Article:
A Momentous St Patrick’s Day Update
March 17th, 2021, just as every St Patrick’s Day, is cause for celebration but on a personal note, today is a special day as it marks official validation of a number of the facts and missing information that I incorporated into my account of Tom Crean’s story. As a result, the sources I discovered while researching his life have brought about substantial revisions to the entry for Crean in the Dictionary of Irish Biography.
In a collaboration that chronicles the lives of prominent men and women born on the island of Ireland, the Dictionary of Irish Biography is a collaboration between the Royal Irish Academy and Cambridge University Press. The dictionary volumes are an indispensable work of reference for scholars, journalists, broadcasters, genealogists, diplomats, and the general reader interested in Ireland’s past. It is an educational resource highly respected the world over.
Today, after many months of correspondence throughout which I submitted all of the source material I discovered and used in the writing of Tom Crean’s biography to the Royal Irish Academy, the inaccuracies and missing information I highlighted in a 7,000 word file and accompanying folders of source material, have given rise to a substantial and significant revision to the dictionary entry for Tom Crean.
Since early 2017 I dedicated myself to undertaking deeper research into Tom Crean’s story for the purpose of writing his biography. I’d written hundreds of posts about Crean before this in my role as a campaigner attempting to secure him recognition from Ireland so I was already as familiar as anyone could be with the story that we’d already digested since the turn of the millennium.
As my book-writing journey started I never imagined that I’d discover so much more additional information about Crean. There was though, a greater shock in store when I discovered that a number of inaccuracies of great significance, populated existing accounts of Tom Crean’s life.
So today is one I’ll remember with great pride and I’m delighted to see that the sources I discovered and used in my account of Crean’s life have been substantiated and now form the basis of the revisions in a highly respected journal.
To discover some of the inaccuracies and missing events that make up the timeline of Tom Crean, I have detailed a number of them in a blog post differentiating the fact from the fiction.
Preventing the spread of false information
After reaching out many times to Eason’s and to book publishers, all of whom provide material and content that continue to misinform about Tom Crean, my efforts to try and prevent the spread of falsehoods relating to his story still appear to have fallen on deaf ears.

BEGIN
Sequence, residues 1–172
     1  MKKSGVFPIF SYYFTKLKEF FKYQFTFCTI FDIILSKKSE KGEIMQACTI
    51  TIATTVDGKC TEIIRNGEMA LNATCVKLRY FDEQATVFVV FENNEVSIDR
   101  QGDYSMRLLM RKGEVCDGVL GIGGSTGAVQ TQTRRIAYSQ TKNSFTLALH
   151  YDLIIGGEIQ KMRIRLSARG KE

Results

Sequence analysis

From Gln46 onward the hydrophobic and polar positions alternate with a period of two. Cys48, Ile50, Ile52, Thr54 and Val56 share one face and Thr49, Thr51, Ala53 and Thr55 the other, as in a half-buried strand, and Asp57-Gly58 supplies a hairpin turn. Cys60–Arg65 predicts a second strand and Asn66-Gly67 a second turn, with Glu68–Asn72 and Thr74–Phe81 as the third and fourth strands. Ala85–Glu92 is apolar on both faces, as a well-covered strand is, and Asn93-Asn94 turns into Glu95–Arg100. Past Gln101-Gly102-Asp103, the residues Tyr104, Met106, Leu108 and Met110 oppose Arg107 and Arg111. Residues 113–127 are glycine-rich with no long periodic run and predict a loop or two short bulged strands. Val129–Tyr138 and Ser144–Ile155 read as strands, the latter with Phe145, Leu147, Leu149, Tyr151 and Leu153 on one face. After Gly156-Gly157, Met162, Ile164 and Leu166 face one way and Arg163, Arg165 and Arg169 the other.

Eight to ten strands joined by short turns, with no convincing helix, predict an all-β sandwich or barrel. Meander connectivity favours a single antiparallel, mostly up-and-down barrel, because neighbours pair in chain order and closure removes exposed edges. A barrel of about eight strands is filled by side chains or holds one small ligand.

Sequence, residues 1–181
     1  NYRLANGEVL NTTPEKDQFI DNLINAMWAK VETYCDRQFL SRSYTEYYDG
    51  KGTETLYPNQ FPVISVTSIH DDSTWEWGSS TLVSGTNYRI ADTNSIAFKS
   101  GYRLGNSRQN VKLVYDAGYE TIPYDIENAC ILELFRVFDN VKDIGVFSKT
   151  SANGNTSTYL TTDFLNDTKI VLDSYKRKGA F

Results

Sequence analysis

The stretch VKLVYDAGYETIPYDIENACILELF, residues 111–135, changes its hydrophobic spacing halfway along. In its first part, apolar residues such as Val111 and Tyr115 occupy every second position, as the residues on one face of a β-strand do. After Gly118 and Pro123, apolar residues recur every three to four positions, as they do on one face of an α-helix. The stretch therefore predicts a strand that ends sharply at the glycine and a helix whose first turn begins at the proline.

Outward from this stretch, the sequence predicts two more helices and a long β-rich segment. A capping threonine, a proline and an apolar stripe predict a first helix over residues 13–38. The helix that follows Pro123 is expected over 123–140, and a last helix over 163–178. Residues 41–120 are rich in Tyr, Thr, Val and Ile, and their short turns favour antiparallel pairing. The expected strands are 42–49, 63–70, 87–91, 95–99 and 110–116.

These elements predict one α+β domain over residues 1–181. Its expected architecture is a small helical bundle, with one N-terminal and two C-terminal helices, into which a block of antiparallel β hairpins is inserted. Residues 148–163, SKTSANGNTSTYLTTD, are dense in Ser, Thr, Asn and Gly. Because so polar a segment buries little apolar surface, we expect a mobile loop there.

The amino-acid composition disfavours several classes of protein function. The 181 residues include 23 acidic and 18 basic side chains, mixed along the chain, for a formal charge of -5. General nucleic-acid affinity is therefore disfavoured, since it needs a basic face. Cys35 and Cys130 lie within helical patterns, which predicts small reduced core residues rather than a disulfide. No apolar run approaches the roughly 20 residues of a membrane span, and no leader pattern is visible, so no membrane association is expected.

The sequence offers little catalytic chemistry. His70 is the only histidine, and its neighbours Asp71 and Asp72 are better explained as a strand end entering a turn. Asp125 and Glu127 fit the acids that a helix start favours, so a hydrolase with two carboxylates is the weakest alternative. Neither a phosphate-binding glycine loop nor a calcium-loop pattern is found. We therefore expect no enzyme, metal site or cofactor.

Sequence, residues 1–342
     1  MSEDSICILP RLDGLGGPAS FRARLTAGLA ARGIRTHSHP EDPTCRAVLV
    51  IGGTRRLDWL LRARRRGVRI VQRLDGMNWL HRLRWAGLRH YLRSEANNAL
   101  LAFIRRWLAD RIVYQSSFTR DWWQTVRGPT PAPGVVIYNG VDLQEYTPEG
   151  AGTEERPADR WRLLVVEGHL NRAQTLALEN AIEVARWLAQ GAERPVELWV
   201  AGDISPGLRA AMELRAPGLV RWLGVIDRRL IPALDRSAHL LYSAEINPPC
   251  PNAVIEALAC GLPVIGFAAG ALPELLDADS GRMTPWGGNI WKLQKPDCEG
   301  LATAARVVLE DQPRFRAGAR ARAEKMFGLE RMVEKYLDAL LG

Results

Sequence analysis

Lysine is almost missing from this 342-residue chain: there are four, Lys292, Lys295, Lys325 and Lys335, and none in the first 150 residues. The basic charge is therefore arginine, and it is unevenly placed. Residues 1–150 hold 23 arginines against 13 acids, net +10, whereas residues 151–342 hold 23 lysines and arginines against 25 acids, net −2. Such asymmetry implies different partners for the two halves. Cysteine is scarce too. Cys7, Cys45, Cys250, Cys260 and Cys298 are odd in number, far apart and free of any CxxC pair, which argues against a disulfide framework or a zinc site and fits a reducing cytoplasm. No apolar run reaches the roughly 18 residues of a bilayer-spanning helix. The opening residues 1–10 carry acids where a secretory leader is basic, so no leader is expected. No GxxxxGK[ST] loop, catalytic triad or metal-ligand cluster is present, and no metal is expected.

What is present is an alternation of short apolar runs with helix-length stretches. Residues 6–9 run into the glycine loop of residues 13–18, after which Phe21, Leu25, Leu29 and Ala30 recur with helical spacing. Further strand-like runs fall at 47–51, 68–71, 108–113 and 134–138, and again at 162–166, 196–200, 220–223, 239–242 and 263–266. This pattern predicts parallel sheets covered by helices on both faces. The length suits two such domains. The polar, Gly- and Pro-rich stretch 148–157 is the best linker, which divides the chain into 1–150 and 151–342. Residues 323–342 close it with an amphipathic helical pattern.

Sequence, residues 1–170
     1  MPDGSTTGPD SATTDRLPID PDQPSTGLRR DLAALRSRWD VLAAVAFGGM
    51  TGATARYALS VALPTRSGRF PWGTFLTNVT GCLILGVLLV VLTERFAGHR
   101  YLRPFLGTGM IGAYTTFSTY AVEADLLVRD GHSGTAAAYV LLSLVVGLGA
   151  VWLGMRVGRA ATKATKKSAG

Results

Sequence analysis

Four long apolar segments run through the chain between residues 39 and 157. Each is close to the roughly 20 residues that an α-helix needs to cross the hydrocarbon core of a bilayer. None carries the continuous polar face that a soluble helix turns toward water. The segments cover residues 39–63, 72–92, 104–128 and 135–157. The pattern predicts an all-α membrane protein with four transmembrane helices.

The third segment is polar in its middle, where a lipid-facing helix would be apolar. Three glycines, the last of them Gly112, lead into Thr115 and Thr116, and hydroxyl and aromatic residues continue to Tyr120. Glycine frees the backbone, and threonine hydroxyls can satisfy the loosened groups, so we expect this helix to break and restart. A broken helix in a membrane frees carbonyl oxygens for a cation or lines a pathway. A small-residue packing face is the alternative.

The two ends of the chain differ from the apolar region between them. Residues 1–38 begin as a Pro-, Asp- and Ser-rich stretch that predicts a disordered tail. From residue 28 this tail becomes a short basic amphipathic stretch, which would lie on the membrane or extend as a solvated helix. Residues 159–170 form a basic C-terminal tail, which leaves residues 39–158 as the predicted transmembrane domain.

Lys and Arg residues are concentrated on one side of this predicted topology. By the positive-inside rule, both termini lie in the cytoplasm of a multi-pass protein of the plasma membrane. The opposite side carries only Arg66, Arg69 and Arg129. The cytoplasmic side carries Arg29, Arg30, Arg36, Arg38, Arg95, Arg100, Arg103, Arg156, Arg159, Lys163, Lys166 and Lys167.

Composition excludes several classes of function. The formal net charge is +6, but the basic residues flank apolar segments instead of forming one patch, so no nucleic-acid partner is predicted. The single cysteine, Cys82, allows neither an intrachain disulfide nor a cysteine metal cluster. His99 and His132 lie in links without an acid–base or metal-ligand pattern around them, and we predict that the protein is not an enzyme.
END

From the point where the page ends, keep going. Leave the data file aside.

Continuing to misinform the public, schoolchildren and students of all ages without full examination of the facts that have been offered up, is irresponsible. Now that the alterations to Tom Crean’s timeline have been validated, all publishers and media platforms have a duty to ensure that their output reflects the changes made and by acknowledging my work in discovering the sources. I’ll happily provide the evidence I submitted to the Royal Irish Academy if requested.
Dictionary of Irish Biography
For anyone interested in Ireland’s rich history the Dictionary of Irish Biography is a superb educational resource and is now an open access platform that can be accessed freely by anyone. I wish to offer my thanks to Terry Clavin of the Royal Irish Academy with whom I corresponded over many months to provide all the evidence required in order to implement the changes.
Tom Crean’s Birth
One final note regarding Tom Crean’s story is that I recently submitted further evidence relating to his date of birth and it shores up my conviction that he was born on or before 16th February, 1877, the date entered in the baptismal register. There’s been a clear need to address the ridiculous situation by which Crean’s birthdate is celebrated three times each year and I believe that the new evidence provides us with confirmation that his baptismal date of 16th February is the most accurate and the most appropriate date to remind us of his entry to the world. To read the new evidence, I’ve added it to the following post – Tom Crean’s True Birthdate.
Where to purchase the book in all its formats
The biography that gave rise to the revisions, Crean – The Extraordinary Life of an Irish Hero, is available in hardcover, paperback and as an audiobook and can be purchased at all the major online booksellers such as Amazon, Audible, Waterstones, Barnes and Noble and many others.
You can also order the book through your local bookstore and the following link provides all the information required to order the version of your choice. Click here
2 thoughts on “It’s Official – Substantial Revisions Made To Tom Crean’s Story”
Well done , Tim.
All your work was worth it in the end.
Thank you Eddie.